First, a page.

Finland's government aims to maintain good relations with neighbouring Russia, but it condemns the annexation of Crimea and will comply with European Union positions on the Ukraine crisis, its new foreign minister said.
Recent Russian air force and naval activity in the Nordic area, combined with a pro-Russian insurgency in eastern Ukraine, have encouraged the new government to assess the pros and cons joining NATO.
However, Timo Soini, the new foreign minister and leader of the euro-sceptic The Finns Party, underlined continuity in foreign and security policy.
"Russia is an important neighbor and trade partner, but if there is reason to criticize, we will do that. We do not accept the annexation of Crimea," he told a press conference after the inauguration ceremony of the new government.
Finland, a militarily neutral EU state, has long walked a fine line with Russia, its former ruler and important trade partner, with which it shares an 1,340 km border.
Last month, the Nordic countries issued a surprise joint statement on cooperating on defense and directly cited the Russian "challenge" as grounds as their reason. Moscow responded by saying it was a "special concern" that Finland and Sweden might move towards closer ties with NATO.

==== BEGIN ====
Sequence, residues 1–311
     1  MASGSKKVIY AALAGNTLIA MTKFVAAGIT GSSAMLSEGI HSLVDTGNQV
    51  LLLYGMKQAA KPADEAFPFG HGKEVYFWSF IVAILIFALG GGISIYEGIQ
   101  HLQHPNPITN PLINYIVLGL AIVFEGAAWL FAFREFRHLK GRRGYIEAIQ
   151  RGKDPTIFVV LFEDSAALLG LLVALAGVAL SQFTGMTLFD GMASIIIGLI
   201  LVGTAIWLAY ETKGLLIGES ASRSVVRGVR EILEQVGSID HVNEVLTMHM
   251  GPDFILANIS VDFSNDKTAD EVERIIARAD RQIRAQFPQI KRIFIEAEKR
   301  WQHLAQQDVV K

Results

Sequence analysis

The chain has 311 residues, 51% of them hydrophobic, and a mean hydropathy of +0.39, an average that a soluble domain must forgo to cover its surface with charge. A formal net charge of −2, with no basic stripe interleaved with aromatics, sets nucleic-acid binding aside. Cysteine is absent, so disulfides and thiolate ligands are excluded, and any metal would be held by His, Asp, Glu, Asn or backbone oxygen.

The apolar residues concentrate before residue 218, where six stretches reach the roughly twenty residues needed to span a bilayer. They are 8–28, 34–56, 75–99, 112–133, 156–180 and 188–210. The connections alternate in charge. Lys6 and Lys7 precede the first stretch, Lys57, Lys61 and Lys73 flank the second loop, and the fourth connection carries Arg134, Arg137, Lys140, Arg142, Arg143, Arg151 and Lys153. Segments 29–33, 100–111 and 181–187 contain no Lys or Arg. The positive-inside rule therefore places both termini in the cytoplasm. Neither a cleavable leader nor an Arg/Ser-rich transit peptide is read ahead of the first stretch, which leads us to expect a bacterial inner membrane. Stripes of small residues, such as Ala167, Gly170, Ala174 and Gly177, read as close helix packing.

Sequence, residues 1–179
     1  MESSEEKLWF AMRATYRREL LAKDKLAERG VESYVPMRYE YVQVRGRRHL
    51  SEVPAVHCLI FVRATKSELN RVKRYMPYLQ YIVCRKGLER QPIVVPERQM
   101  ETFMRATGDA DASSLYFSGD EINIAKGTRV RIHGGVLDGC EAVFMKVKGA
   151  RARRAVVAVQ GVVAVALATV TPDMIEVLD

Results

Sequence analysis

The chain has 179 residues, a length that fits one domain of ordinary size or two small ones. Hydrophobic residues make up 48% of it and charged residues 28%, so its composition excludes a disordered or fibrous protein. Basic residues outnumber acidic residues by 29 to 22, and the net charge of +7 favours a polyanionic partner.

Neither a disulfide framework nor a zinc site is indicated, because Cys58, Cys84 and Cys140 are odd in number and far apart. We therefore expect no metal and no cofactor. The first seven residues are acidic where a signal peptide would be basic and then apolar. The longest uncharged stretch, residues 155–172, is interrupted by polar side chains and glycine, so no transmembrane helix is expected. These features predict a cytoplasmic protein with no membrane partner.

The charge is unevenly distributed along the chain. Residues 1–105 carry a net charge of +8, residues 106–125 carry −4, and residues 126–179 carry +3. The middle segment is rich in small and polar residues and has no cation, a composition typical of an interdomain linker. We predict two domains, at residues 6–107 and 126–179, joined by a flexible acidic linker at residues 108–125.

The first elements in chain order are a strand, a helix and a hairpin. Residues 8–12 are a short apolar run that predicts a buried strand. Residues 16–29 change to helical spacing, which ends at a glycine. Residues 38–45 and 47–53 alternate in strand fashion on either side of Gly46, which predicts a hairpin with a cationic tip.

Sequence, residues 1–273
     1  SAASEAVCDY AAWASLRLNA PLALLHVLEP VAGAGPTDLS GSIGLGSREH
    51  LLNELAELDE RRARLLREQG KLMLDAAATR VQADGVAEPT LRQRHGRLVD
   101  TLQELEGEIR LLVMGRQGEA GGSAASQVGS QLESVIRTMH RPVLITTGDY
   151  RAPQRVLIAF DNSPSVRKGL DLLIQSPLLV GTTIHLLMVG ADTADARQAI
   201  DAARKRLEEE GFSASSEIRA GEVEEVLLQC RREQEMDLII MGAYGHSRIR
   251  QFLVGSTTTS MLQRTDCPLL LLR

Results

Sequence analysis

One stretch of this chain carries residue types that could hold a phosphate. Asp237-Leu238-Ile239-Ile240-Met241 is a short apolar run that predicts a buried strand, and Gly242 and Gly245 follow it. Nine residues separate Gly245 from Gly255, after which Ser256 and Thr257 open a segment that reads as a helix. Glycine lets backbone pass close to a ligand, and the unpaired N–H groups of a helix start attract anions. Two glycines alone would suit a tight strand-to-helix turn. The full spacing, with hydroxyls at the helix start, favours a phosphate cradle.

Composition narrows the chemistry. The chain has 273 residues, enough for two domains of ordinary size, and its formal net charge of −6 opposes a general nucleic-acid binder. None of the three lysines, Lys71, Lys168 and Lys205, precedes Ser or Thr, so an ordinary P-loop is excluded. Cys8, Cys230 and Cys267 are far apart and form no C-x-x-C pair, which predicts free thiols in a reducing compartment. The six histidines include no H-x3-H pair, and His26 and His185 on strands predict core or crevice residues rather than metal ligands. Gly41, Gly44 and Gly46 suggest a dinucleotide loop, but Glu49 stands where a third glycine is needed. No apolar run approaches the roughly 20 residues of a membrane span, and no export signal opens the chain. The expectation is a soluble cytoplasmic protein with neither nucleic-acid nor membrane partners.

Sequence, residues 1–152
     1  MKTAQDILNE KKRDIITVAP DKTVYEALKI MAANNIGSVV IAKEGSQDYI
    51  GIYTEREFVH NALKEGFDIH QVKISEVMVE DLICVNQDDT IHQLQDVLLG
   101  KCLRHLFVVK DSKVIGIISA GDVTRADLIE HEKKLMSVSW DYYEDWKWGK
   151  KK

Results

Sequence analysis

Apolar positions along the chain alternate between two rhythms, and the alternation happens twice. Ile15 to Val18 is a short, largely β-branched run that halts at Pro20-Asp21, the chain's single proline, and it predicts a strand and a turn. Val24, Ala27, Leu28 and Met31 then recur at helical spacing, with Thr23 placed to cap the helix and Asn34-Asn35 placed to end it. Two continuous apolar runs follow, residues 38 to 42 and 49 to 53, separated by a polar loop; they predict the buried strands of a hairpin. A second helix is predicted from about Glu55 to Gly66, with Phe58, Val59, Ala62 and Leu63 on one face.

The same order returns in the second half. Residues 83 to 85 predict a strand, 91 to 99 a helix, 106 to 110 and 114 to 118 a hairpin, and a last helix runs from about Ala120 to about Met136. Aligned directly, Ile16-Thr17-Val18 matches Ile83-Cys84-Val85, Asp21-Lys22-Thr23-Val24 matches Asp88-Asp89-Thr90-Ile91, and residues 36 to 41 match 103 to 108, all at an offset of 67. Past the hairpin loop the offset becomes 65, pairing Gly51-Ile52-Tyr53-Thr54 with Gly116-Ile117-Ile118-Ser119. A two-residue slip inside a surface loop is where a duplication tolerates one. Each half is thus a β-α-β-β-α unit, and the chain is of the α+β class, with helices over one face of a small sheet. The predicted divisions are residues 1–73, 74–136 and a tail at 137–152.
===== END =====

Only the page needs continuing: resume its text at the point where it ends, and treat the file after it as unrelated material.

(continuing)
Finland's new center-right coalition said in its government program that "Finland is a militarily non-allied state which is engaged in a practical partnership with NATO and maintains the option to seek NATO membership."
The government plans to prepare a report on security and defense policy that would assess the effects of a possible NATO membership. It also plans to boost the defense spending amid wide cuts in most other sectors.
At the moment, polls show a majority of Finns are against joining NATO, and politicians have said a decision to apply for full membership could require a referendum.